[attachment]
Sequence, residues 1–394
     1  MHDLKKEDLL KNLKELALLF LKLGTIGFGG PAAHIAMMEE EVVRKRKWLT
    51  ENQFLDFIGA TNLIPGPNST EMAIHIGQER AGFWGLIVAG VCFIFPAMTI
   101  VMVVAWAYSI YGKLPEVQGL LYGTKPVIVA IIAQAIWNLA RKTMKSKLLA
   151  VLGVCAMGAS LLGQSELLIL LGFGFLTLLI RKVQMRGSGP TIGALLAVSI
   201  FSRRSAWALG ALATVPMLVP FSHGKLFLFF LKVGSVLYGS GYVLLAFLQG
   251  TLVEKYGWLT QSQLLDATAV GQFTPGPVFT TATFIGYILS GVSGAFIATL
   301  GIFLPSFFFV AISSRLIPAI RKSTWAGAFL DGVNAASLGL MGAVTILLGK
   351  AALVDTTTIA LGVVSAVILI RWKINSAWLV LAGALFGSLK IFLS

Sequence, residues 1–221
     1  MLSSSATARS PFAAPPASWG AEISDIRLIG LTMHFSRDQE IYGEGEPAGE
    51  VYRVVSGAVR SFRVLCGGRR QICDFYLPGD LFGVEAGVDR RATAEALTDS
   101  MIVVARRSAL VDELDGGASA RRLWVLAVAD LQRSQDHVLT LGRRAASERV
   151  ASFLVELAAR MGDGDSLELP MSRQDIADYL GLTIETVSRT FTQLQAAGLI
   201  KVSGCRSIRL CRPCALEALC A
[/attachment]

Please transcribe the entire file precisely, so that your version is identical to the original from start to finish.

Sequence, residues 1–394
     1  MHDLKKEDLL KNLKELALLF LKLGTIGFGG PAAHIAMMEE EVVRKRKWLT
    51  ENQFLDFIGA TNLIPGPNST EMAIHIGQER AGFWGLIVAG VCFIFPAMTI
   101  VMVVAWAYSI YGKLPEVQGL LYGTKPVIVA IIAQAIWNLA RKTMKSKLLA
   151  VLGVCAMGAS LLGQSELLIL LGFGFLTLLI RKVQMRGSGP TIGALLAVSI
   201  FSRRSAWALG ALATVPMLVP FSHGKLFLFF LKVGSVLYGS GYVLLAFLQG
   251  TLVEKYGWLT QSQLLDATAV GQFTPGPVFT TATFIGYILS GVSGAFIATL
   301  GIFLPSFFFV AISSRLIPAI RKSTWAGAFL DGVNAASLGL MGAVTILLGK
   351  AALVDTTTIA LGVVSAVILI RWKINSAWLV LAGALFGSLK IFLS

Sequence, residues 1–221
     1  MLSSSATARS PFAAPPASWG AEISDIRLIG LTMHFSRDQE IYGEGEPAGE
    51  VYRVVSGAVR SFRVLCGGRR QICDFYLPGD LFGVEAGVDR RATAEALTDS
   101  MIVVARRSAL VDELDGGASA RRLWVLAVAD LQRSQDHVLT LGRRAASERV
   151  ASFLVELAAR MGDGDSLELP MSRQDIADYL GLTIETVSRT FTQLQAAGLI
   201  KVSGCRSIRL CRPCALEALC A